exemption for a claim SDMC has against a vessel has no application to this matter.
Plaintiff contends that newly discovered evidence provides grounds for relief
under Rule 60(b)(2). Plaintiff contends that on July 28, 2016, Plaintiff obtained a copy
of the lease agreement between the San Diego Unified Port District (the “Port District”)
and SDMC and amendments to the lease (the “Lease Agreement”) by which the Port
District “conveys the operations of the mooring buoy anchorages to the SDMC . . . and
1 enunciates the rights and legal obligations of the SDMC.” (ECF No. 9-1 at 6). Plaintiff
2 contends that pursuant to the Lease Agreement, SDMC must obtain the Port District’s
3 approval of any revisions to the language of contracts between SDMC and vessel
4 owners, such as Plaintiff. Plaintiff contends that the SDMC has modified the standard
5 language of the Contract without approval from the Port District by including the
6 provisions for the arbitration and mediation of disputes. Id.
Defendant contends that Plaintiff’s “newly discovered” lease agreement between
8 the Defendant and the Port District does not provide grounds for relief from the order
9 because Plaintiff is not a party to the Lease Agreement and lacks standing to challenge
10 Defendant’s compliance. (ECF No. 10 at 7). Defendant contends that the Contract
11 between Plaintiff and the Defendant is not void or voidable due to any non-compliance
12 by Defendant with the Lease Agreement with the Port District.2 Id.
The Court concludes that Plaintiff is not entitled to relief pursuant to Rule 60(b)(2)
14 on the basis of newly discovered evidence, the Lease Agreement. Plaintiff does not
15 provide any legal authority to demonstrate that SDMC’s alleged violation of the Lease
16 Agreement with the Port District would void his Contract with SDMC or that he has
17 standing to challenge SDMC’s compliance with the Lease Agreement.3 Plaintiff fails
18 to show that this newly discovered evidence “was of such magnitude that production of
19 it earlier would have been likely to change the disposition of the case.” Feature Realty,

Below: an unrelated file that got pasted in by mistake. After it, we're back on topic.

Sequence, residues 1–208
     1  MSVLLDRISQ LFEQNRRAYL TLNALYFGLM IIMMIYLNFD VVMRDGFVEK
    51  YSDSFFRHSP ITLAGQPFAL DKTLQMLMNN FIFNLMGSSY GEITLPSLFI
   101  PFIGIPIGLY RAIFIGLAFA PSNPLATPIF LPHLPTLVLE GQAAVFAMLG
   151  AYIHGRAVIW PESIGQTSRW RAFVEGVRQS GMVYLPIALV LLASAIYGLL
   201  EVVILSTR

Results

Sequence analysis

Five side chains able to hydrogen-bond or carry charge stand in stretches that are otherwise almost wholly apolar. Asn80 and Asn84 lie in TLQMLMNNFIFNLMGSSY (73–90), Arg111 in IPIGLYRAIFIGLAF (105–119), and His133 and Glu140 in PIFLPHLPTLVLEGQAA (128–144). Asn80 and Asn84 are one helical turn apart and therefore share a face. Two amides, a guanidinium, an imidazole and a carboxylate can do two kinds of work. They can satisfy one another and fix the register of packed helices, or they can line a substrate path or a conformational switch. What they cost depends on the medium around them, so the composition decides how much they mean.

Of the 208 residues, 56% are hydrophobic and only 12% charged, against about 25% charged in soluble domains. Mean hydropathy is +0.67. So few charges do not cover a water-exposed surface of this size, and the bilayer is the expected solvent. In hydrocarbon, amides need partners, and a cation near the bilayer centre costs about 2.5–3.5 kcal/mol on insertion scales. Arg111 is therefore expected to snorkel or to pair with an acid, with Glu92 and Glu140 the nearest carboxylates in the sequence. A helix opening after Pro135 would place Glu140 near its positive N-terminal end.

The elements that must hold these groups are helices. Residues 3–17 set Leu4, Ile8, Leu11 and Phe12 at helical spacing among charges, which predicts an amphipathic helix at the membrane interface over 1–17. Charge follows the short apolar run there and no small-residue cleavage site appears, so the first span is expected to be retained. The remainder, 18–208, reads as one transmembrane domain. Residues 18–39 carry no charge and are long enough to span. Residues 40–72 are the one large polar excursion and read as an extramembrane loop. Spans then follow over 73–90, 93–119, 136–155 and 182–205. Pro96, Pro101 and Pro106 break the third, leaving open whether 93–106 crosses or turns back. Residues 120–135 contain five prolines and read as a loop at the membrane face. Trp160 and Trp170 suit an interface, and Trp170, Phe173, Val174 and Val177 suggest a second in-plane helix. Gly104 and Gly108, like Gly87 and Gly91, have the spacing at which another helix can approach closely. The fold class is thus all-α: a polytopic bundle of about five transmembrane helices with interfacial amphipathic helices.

20 331 F.3d at 1093.
Plaintiff further contends that Defendant’s actions regarding the newly discovered
22 Lease Agreement constitutes fraud because Defendant failed to offer evidence of the Port
23 District’s approval of this language. (ECF No. 9-1 at 6). Plaintiff contends that this
Defendant also contends that Plaintiff is required to participate in arbitration
by the terms of a different contract signed in 2005. (ECF No. 10 at 7). Defendant
26 includes a copy of this contract with its response to Plaintiff’s motion. (Exhibit B, ECF
No. 10-3). The Court does not consider this in its ruling.
Plaintiff asserts that the Lease Agreement was discovered on July 28, 2016.
28 (ECF No. 9-1). The Court did not issue its Order compelling arbitration and dismissing
the case until August 23, 2016. (ECF No. 7).
1 entitles him to relief under Rule 60(b)(3). Id. Defendant contends that Plaintiff has no
2 rights under the Lease Agreement and has no standing to challenge the Defendant’s
3 compliance with its terms. (ECF No. 10 at 6). Defendant contends that it has now
4 submitted the Contract for approval and “no reason exists to expect the Port District will
5 not approve it.” Id. at 9.
Plaintiff does not demonstrate that Defendant’s alleged violation of the contractual
7 terms of the Lease Agreement with the Port District could constitute fraud justifying
8 relief under Rule 60(b)(3). The Court concludes that Plaintiff fails to establish by clear
9 and convincing evidence that Defendant obtained a judgment by means of fraud and this
10 “conduct complained of prevented the [Plaintiff] from fully and fairly presenting the
11 case.” See Lafarge Conseils Et Etudes, S.A., F.2d at 1337-38.
The Court concludes that Plaintiff has failed to carry his burden to demonstrate
13 that he is entitled to relief under Rule 60(b)(1)-(3).
14 IV. Conclusion
IT IS HEREBY ORDERED that the motion for relief filed by Plaintiff is
16 DENIED. (ECF No. 9).
17 DATED: December 15, 2016
WILLIAM Q. HAYES
United States District Judge